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Red-hot Ovechkin scores again as Caps down Habs for fifth straight win

Washington Capitals' Alex Ovechkin celebrates a goal against the Montreal Canadiens by teammate Jack Hillen during third period NHL hockey action Tuesday, April 9, 2013 in Montreal. The Capitals beat the Canadiens 3-2.


The Montreal Canadiens had been a perfect 11-0 against the Southeast division, the NHL's 97-pound weakling.

It was unreasonable to think they would run the table.

For a time in the waning moments on Tuesday night against the Washington Capitals, it certainly looked as if they might erase a two-goal deficit to knot the game at 3-3, but Caps goalie Michal Neuvirth wanted none of it, stoning countryman Tomas Plekanec with just a couple of ticks on the clock to secure a 3-2 win.

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So the Habs' string against the Southeast is no more, as is their modest two-game winning streak. The Caps meanwhile have won five straight and kept their noses ahead of the Winnipeg Jets in the race for the division crown.

Almost inevitably, Washington was spurred by an individual act of wizardry from their captain, Alex Ovechkin, who scored his 17 goal in the last 15 games.

With Washington down 1-0 in the second period, Ovechkin scooped up a puck near the right-hand boards and broke sharply to his left, confounding Montreal's Michael Ryder with a gorgeous deke through his skates, and fired a puck on Carey Price.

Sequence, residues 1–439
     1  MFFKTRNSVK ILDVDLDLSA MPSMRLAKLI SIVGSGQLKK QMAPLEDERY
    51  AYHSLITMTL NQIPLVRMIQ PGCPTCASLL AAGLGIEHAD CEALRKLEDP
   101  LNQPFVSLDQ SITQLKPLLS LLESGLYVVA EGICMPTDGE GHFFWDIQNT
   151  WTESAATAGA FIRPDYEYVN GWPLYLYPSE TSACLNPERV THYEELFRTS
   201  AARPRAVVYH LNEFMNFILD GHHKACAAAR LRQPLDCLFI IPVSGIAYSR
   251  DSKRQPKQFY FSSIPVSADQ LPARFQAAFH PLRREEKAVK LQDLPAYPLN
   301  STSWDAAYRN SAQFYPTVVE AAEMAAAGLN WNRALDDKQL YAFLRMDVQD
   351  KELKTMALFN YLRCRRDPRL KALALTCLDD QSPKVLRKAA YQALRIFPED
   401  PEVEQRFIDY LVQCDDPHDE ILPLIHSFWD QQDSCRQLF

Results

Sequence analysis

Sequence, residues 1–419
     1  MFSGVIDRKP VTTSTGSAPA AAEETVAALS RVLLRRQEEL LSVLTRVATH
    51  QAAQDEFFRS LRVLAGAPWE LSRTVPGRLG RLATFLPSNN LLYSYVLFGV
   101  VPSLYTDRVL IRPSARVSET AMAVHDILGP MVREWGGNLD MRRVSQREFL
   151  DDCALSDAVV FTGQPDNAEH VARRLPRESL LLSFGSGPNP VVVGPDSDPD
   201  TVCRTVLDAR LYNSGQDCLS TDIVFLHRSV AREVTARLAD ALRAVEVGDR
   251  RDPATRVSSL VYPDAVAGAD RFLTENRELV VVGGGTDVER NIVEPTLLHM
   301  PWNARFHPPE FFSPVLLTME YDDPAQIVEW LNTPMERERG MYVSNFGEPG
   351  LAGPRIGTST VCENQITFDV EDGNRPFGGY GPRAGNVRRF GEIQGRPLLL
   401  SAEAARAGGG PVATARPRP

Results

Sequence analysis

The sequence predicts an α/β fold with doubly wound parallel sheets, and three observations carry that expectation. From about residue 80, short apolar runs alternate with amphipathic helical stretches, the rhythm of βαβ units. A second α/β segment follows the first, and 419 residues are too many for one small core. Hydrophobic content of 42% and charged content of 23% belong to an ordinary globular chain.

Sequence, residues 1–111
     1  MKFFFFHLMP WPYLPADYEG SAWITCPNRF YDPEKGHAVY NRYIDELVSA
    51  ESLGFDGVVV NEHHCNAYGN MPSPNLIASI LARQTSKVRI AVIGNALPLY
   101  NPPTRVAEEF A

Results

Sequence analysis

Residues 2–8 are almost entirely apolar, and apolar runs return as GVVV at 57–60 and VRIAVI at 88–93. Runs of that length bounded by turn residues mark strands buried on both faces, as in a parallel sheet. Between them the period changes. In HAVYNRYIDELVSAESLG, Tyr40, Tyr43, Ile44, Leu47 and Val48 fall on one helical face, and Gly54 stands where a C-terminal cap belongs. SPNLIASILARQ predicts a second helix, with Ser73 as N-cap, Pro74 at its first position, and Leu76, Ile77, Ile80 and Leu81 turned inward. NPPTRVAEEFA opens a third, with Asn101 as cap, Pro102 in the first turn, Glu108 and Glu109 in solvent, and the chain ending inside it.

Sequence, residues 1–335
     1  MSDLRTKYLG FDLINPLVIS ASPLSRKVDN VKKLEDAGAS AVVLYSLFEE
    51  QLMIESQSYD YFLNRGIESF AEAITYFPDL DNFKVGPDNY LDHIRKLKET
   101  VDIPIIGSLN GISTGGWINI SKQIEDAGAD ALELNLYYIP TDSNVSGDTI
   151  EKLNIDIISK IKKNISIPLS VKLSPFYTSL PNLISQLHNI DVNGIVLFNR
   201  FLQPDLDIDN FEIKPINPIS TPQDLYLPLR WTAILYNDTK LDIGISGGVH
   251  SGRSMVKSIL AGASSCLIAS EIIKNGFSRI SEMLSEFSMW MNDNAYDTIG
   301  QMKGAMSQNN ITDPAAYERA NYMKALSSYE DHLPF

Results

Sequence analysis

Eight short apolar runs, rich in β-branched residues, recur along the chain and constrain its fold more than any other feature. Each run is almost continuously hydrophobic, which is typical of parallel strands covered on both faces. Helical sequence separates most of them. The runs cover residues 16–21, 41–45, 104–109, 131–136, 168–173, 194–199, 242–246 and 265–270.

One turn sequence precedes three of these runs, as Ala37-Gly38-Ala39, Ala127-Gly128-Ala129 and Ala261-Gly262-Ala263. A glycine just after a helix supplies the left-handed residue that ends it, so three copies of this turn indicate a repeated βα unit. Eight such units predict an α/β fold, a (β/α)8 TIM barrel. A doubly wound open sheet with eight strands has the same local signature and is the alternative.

It wasn't a typical laser beam, but it found netting.

"It was almost like a curveball," opined centre Nicklas Backstrom, who picked up two assists in the game and now has 42 points in 40 games this year. "Obviously he has a great shot, but right now everything goes in, so that's good for us."

The man himself said he didn't much care about the how, what matters is the puck crossed the line.

"I didn't see how it goes in, I know it goes up and down, I'll take it, why not," Ovechkin said of his 26 goal on the season. "I just wanted to shoot the puck, I deked Ryder, I know lots of traffic is going to be in front because JoJo (winger Marcus Johansson) fly there. I don't know, the shot wasn't that hard, but it goes in, so that's good."

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Just under two minutes later, the Caps were up 2-1 after a lucky bounce – the puck skipped off Price's blocker and then clipped Andrei Markov's stick before falling gently in to the net.

Eric Fehr earned credit for the goal.

Defenceman Jack Hillen would add the winner at 5:33, but that goal – and this game – was about Ovechkin.

On his first shift, he steamrolled Montreal defenceman Josh Gorges in the corner. On his second, he created a turnover and set up Backstrom for a pair of chances that Price somehow managed to repel.

Ovechkin was menacing all night, using his bulk and speed to take healthy runs at several Habs, including rookie Brendan Gallagher and defenceman P.K. Subban.

The man who finished with a plus-2 and led all forwards with 21:54, also led all players with eight hits.